The Department of Conservation administers these Acts. Response activities that take place on conservation land or within marine reserves may require exemptions from the requirements of these Acts.
The Conservation Act addresses the conservation of natural and historic resources to maintain their intrinsic values, provide for the enjoyment of the public, and to safeguard the options of future generations. The Conservation Act established the Department of Conservation and sets out the functions of the Department.
The Freshwater Fisheries Regulations are made under the Conservation Act. They cover a number of matters relating to freshwater fish such as the licensing of fishers, the taking or movement of freshwater fish, the processing of those fish and the controls on the taking of indigenous fish.
The Reserves Act covers the set up and management of nature, scientific, historic, scenic and recreation reserves (among others). The purpose of such reserves is to provide for the benefit and enjoyment of the public, to ensure the survival of all indigenous species in their natural habitat, to preserve representative examples of areas that together originally gave New Zealand its own recognisable character, and to preserve public access to coastline, river banks, lake shores, and islands.
The National Parks Act sets out the establishment and management of National Parks. The purpose of national parks is to preserve, for their intrinsic worth and for the benefit, use, and enjoyment of the public, areas of New Zealand that contain scenery of such distinctive quality, ecological systems, or natural features so beautiful, unique, or scientifically important that their preservation is in the national interest. They are preserved as far as possible in their natural state.
The Marine Reserves Act provides for "the setting up and management of areas of the sea and foreshore as marine reserves for the purpose of preserving them in their natural state as the habitat of marine life for scientific study." In a marine reserve all marine life is totally protected, there is no fishing allowed, no polluting, disturbance or damage, and no removal of any natural thing from the marine reserve.
The Ministry of Primary Industries administers the Fisheries Act . Its purpose is to provide for the sustainable utilisation of fisheries resources (which includes avoiding, remedying, or mitigating any adverse effects of fishing on the aquatic environment). The Fisheries Act allows for emergency measures to be taken if there has been a disease outbreak or "a significant adverse change in the aquatic environment". Under section 16 of the Act, the Minister of Fisheries may close an area by "prohibiting the harvesting of all or any fish, aquatic life, or seaweed in that area."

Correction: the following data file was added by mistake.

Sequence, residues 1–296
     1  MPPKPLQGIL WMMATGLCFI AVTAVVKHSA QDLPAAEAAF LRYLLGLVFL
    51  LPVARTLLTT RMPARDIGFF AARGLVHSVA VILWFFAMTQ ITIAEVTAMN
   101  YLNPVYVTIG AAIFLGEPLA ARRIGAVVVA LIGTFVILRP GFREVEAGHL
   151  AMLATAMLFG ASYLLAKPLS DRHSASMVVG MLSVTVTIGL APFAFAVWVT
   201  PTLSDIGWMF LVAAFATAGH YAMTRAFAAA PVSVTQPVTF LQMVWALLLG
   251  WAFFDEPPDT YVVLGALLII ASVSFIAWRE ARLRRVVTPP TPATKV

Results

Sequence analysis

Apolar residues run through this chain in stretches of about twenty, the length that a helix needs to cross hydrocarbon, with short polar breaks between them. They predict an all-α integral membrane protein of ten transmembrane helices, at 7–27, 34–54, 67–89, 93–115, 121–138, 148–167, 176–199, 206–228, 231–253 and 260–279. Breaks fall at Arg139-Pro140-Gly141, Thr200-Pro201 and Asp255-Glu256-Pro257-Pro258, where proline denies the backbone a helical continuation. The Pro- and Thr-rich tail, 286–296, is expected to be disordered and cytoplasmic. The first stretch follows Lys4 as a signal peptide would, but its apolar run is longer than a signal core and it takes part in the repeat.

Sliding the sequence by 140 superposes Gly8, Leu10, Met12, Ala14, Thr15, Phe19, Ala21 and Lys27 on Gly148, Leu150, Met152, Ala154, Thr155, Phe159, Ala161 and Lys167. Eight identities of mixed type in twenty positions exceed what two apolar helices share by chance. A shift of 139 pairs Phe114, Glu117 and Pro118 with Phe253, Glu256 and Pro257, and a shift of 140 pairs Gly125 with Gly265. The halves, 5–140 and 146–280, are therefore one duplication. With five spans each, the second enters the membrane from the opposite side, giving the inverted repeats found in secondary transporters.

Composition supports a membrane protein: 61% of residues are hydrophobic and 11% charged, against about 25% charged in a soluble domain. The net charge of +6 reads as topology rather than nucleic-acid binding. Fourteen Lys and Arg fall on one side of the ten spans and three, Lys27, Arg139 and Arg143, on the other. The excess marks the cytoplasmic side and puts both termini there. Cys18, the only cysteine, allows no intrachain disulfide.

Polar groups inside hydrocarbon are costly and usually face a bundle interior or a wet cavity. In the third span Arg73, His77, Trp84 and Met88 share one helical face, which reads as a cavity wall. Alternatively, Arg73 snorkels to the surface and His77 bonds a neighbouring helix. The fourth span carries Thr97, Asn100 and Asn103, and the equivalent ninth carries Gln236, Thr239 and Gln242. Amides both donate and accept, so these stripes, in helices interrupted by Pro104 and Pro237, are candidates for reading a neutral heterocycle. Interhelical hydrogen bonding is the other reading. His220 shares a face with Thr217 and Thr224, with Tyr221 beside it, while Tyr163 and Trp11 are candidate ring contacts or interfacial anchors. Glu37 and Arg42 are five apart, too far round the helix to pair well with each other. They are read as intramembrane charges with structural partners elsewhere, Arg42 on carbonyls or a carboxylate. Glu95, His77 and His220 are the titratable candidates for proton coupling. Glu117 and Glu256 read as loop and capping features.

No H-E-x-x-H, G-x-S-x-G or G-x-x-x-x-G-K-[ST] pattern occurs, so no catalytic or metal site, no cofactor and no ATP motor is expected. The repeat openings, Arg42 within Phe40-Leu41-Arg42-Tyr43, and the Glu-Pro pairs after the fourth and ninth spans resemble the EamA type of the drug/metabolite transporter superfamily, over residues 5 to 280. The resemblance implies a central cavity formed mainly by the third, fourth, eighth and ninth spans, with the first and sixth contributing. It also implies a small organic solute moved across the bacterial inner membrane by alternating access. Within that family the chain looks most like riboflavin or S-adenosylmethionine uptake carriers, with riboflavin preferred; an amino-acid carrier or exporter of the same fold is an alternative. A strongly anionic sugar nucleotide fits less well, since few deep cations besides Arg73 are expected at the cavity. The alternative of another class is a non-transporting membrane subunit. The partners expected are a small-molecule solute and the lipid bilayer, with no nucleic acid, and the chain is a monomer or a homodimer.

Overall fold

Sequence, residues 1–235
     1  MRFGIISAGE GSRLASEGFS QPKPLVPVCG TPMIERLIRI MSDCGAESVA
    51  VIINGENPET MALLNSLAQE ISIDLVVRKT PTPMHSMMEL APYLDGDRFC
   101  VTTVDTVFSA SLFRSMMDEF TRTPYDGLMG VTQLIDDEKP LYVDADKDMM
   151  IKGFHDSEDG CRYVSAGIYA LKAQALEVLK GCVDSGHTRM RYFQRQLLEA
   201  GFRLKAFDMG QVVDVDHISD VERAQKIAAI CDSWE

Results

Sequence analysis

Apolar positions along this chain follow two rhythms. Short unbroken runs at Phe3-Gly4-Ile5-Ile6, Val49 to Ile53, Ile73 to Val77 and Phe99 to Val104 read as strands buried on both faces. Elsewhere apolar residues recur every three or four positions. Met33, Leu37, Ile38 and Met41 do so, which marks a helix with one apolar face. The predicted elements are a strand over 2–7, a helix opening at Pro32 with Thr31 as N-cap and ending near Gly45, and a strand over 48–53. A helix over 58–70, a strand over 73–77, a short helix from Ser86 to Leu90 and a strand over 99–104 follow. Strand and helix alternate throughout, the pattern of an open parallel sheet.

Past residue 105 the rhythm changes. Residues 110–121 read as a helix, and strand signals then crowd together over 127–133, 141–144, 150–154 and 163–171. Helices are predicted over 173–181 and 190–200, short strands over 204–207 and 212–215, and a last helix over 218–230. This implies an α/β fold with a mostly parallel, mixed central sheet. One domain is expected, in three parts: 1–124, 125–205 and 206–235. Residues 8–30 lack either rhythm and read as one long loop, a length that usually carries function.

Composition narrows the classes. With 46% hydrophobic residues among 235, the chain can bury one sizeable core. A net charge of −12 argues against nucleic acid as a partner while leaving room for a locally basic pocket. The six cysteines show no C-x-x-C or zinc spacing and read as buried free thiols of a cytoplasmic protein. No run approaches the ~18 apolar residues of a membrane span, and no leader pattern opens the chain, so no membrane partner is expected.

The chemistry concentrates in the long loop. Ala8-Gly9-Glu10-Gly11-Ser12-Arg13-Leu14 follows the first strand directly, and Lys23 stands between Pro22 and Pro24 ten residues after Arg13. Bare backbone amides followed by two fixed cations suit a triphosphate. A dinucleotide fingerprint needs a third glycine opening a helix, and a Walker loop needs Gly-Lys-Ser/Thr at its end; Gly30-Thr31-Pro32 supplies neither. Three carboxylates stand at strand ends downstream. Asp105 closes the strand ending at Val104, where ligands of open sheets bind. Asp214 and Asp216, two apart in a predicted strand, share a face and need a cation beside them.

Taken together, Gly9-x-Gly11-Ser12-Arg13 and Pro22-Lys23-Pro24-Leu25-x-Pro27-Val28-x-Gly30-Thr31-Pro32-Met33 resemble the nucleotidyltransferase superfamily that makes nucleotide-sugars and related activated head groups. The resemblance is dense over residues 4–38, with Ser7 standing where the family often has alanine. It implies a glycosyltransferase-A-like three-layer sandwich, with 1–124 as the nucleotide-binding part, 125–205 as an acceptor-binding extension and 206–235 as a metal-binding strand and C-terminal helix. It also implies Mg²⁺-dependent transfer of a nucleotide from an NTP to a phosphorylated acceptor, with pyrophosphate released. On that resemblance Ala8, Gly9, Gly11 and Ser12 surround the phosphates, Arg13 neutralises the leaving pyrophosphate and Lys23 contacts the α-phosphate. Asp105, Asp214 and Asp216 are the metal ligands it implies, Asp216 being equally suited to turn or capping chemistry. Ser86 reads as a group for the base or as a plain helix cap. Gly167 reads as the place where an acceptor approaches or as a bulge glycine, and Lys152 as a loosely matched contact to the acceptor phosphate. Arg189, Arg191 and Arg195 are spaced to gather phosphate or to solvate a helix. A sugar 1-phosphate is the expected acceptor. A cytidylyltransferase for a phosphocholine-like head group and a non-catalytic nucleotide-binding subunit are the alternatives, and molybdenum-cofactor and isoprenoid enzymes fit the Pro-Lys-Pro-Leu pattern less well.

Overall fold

The Ministry for Primary Industries administers the Forests Act . It will apply if, as part of a response, there is a need to destroy indigenous trees that are subject to the Act.
The Ministry of Health administers the Health Act . It deals with the improvement, promotion and protection of public health. Matters relevant to biosecurity include the powers and duties of local authorities, giving Medical Officers special powers during epidemics, the duty of ships’ masters to notify suspected infectious diseases, provisions relating to diseases that require quarantine, and regulations relating to public health, including prevention and the spread of infectious diseases.
The Department of Labour administers the Health and Safety in Employment Act . Maritime New Zealand and the Civil Aviation Authority have administrative and enforcement roles in their sectors; as the Police do in respect of commercial vehicles.
The Act applies to all New Zealand workplaces and places duties on employers, the self-employed, employees, principals and others who are in a position to manage or control hazards. Hazards arising from organisms or response actions will need to be managed recognising these responsibilities.
The Department of Internal Affairs administers the Local Government Act . The Act states that the purpose of local government is to promote the social, economic, environmental, and cultural well-being of their communities. Guidelines have been developed where regulatory functions may involve local government, which has a duty to consult with rate payers under this Act.
The Ngai Tahu Claims Settlement addressed grievances from Ngai Tahu regarding the Crown's obligations under the Treaty of Waitangi. The Settlement included legal provisions to formalise Ngai Tahu's role in conservation management on their takiwa (ancestral land). Responses that could impact on Ngai Tahu's takiwa may need to consider the arrangements that were put in place as part of the settlement.
Page last updated: 30 April 2012